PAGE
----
As used herein, the term “inference” refers generally to the process of reasoning about or inferring states of the system, environment, and/or user from a set of observations as captured via events and/or data. Inference can be employed to identify a specific context or action, or can generate a probability distribution over states, for example. The inference can be probabilistic—that is, the computation of a probability distribution over states of interest based on a consideration of data and events. Inference can also refer to techniques employed for composing higher-level events from a set of events and/or data. Such inference results in the construction of new events or actions from a set of observed events and/or stored event data, whether or not the events are correlated in close temporal proximity, and whether the events and data come from one or several event and data sources. Furthermore, inference can be based upon logical models or rules, whereby relationships between components or data are determined by an analysis of the data and drawing conclusions therefrom. For instance, by observing that one user interacts with a subset of other users over a network, it may be determined or inferred that this subset of users belongs to a desired social network of interest for the one user as opposed to a plurality of other users who are never or rarely interacted with.
Referring initially to
As noted above, the analyzer 130 can employ several techniques to process profile or settings data from the database 110. In one aspect, this can include employment of collaborative filter techniques to analyze data and determine profiles 140 for the user. Collaborative filtering systems generally use a database about user preferences to predict additional topics or products a new user might like. In accordance with the present invention, collaborative filtering is applied by the analyzer 130 to process previous system settings preferences of users to predict likely or possible settings or profiles for new users of a system. Several algorithms including techniques based on correlation coefficients, vector-based similarity calculations, and statistical Bayesian methods can be employed.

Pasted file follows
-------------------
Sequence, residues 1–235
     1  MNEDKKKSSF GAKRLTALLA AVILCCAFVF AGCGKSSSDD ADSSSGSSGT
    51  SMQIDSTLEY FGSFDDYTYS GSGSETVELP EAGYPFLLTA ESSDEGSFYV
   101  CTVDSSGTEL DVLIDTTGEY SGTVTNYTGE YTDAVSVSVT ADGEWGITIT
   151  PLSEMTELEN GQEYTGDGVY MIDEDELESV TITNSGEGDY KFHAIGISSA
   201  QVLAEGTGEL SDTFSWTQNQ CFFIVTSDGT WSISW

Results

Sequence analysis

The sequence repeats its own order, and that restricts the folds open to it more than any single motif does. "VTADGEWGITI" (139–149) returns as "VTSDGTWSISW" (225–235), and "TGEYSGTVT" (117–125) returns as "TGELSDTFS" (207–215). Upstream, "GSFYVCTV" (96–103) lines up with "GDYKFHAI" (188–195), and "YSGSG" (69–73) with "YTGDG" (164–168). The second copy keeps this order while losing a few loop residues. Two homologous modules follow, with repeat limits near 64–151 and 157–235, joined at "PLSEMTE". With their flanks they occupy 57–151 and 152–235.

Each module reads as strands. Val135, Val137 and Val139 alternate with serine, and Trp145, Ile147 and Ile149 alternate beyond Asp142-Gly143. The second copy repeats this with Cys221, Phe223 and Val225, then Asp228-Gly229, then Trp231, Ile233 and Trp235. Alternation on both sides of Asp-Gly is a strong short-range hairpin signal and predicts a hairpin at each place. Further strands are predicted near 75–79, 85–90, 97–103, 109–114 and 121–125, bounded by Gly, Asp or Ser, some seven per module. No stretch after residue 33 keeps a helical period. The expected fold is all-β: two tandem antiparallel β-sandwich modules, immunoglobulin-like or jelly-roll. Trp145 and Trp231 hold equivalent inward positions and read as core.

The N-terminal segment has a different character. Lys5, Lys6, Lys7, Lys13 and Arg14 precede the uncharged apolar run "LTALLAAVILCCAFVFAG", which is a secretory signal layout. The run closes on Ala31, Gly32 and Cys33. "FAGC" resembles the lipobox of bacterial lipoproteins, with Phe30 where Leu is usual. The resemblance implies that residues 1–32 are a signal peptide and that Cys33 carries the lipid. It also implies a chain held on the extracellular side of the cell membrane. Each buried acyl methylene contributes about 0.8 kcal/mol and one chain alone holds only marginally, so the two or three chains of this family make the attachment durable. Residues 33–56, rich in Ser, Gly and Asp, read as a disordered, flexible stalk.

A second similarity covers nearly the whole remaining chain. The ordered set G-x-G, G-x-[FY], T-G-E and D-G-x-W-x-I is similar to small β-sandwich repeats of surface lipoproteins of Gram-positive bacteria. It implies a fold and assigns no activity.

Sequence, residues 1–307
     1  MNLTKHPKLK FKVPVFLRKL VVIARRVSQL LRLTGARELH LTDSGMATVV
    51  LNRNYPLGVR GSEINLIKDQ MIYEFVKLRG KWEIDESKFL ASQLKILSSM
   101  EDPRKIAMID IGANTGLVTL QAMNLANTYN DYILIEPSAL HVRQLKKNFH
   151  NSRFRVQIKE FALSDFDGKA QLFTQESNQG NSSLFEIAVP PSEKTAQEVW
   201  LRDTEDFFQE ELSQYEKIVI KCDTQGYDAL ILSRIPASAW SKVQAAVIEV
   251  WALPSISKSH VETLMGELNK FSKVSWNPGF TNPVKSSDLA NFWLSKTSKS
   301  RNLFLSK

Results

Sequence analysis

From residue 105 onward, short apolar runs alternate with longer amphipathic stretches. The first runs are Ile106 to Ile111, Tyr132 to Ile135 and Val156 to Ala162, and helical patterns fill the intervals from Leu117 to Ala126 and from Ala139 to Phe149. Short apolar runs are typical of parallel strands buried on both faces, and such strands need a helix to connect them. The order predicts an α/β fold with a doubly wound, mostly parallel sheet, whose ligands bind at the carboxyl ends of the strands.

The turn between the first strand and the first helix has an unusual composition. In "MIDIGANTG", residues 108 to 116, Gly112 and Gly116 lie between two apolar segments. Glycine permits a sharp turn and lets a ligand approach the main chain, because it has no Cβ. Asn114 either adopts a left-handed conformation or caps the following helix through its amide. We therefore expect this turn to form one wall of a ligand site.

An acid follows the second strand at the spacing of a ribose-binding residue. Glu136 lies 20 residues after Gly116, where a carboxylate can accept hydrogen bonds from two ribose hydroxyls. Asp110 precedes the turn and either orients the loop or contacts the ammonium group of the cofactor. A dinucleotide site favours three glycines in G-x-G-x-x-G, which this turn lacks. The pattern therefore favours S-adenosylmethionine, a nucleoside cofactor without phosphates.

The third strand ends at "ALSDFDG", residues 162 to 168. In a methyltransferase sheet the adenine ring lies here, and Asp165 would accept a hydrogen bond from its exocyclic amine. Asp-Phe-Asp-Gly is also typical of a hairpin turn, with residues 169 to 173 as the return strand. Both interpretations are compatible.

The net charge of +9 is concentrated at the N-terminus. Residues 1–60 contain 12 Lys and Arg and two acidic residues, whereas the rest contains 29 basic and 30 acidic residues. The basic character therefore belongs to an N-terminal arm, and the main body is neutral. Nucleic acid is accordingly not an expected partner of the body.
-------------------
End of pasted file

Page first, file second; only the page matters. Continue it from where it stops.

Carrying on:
One task in collaborative filtering is to predict the utility of items to a particular user (the active user) based on a database of user votes (express or implied) from a sample or population of other users (the user database 110). Memory-based algorithms operate over the entire user database to make predictions. In Model-based collaborative filtering, in contrast, employs the user database to estimate or learn a model, which is then used for predictions. Beyond distinct memory-based and model-based methods, combination methods have been developed. For instance, a collaborative filtering method called personality diagnosis (PD) can be employed that can be seen as a hybrid between memory- and model-based approaches. All data is maintained throughout the process, new data can be added incrementally, and predictions have meaningful, probabilistic semantics. Each user's reported preferences are interpreted as a manifestation of their underlying “personality type.” It is assumed that users report ratings for an item with Gaussian error. Given the active user's known ratings of items, the probability can be computed that he or she has the same personality type as every other user, and then compute the probability that he or she will desire some new item. PD retains some of the advantages of both memory- and model-based algorithms, namely simplicity, extensibility, normative grounding, and explanatory power.